- Part of:
- Constitution and democracy
Commitment needed to protect devolution.
At today’s Joint Ministerial Committee (Plenary) meeting, First Minister Nicola Sturgeon has called on the Prime Minister to recognise and respect the founding principles of devolution and make further amendments to the EU Withdrawal Bill.
The meeting also discussed the UK’s approach to securing a transition agreement at the March European Council and the beginning of the next phase of Brexit negotiations.
Ministers also received briefing on security issues arising from the current situation with Russia.
Speaking after the meeting at Downing Street, the First Minister said:
“Following the Prime Minister’s statement on Russia, today’s Joint Ministerial Committee was a timely opportunity to discuss the issue directly.
"We were united in condemnation of Russia’s actions and I expressed my support for the initial steps that the Prime Minister has outlined. As legislation is brought forward we will scrutinise that carefully, but it is very clear that Russia cannot be permitted to unlawfully kill, or attempt to kill people, on the streets of the UK with impunity.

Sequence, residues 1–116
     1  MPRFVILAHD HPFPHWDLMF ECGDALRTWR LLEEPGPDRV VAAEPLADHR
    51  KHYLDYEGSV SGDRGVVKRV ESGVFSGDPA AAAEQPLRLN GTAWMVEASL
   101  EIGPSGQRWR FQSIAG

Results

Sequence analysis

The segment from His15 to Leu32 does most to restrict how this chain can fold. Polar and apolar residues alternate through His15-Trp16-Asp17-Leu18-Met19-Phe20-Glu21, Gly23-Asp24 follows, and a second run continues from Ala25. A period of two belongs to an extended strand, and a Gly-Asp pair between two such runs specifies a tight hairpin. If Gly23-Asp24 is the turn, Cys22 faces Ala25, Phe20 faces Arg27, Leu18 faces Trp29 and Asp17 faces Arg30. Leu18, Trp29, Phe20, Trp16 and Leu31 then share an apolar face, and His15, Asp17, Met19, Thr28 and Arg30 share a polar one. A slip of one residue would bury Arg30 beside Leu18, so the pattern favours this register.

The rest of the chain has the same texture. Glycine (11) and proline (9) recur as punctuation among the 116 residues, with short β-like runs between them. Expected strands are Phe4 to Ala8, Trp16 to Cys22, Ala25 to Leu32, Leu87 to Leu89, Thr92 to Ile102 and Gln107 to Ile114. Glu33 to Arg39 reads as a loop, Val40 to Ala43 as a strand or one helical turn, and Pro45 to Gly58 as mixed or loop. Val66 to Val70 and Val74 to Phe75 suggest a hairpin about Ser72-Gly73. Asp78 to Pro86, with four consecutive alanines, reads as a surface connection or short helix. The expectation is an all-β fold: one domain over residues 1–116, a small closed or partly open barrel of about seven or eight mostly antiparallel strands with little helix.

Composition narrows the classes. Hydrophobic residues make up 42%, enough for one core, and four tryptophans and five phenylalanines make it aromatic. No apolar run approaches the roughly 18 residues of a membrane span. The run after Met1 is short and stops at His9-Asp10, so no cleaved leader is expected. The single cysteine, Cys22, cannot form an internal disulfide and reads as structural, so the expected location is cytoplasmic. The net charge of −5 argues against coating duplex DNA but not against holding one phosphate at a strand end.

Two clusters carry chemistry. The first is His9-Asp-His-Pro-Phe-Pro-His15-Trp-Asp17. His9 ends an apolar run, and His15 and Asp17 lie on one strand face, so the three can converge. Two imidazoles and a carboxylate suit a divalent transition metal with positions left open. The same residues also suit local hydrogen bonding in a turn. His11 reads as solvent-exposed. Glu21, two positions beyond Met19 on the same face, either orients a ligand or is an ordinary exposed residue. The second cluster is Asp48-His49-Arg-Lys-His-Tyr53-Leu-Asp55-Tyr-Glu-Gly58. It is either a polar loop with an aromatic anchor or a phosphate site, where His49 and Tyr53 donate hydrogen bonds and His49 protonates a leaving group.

“On Brexit, I set out Scotland’s clear position that membership of the single market and the customs union would be the least damaging future relationship with the European Union and my very real concerns that the approach the Prime Minister has set out will not be acceptable to the European Union.
“In particular Scotland’s financial services sector and our fisheries industry appear to be at risk as a result of the PM’s approach and I have made clear that it will not be acceptable to sacrifice key Scottish industries in pursuit of a reckless Brexit ideology.
“We did not reach agreement on the withdrawal bill today but there was not an expectation that we would.
“The Scottish and Welsh Governments have made clear that there is a very important issue of principle at stake and we cannot and will not recommend approval of a bill that would undermine devolution by restricting our powers, even temporarily, without the consent of our Parliaments.
“We have already compromised by accepting that some powers could be used to agree frameworks on a UK wide basis – however, this must be subject to the consent of the devolved nations.
“While agreement was not reached today, all administrations expressed a desire to find agreement and a determination to continue joint work towards one.
“The issues that remain to be resolved involve important issues of principle, which means that they are not insignificant - however, with political will and respect for the principles of devolution, nor should they be insurmountable.”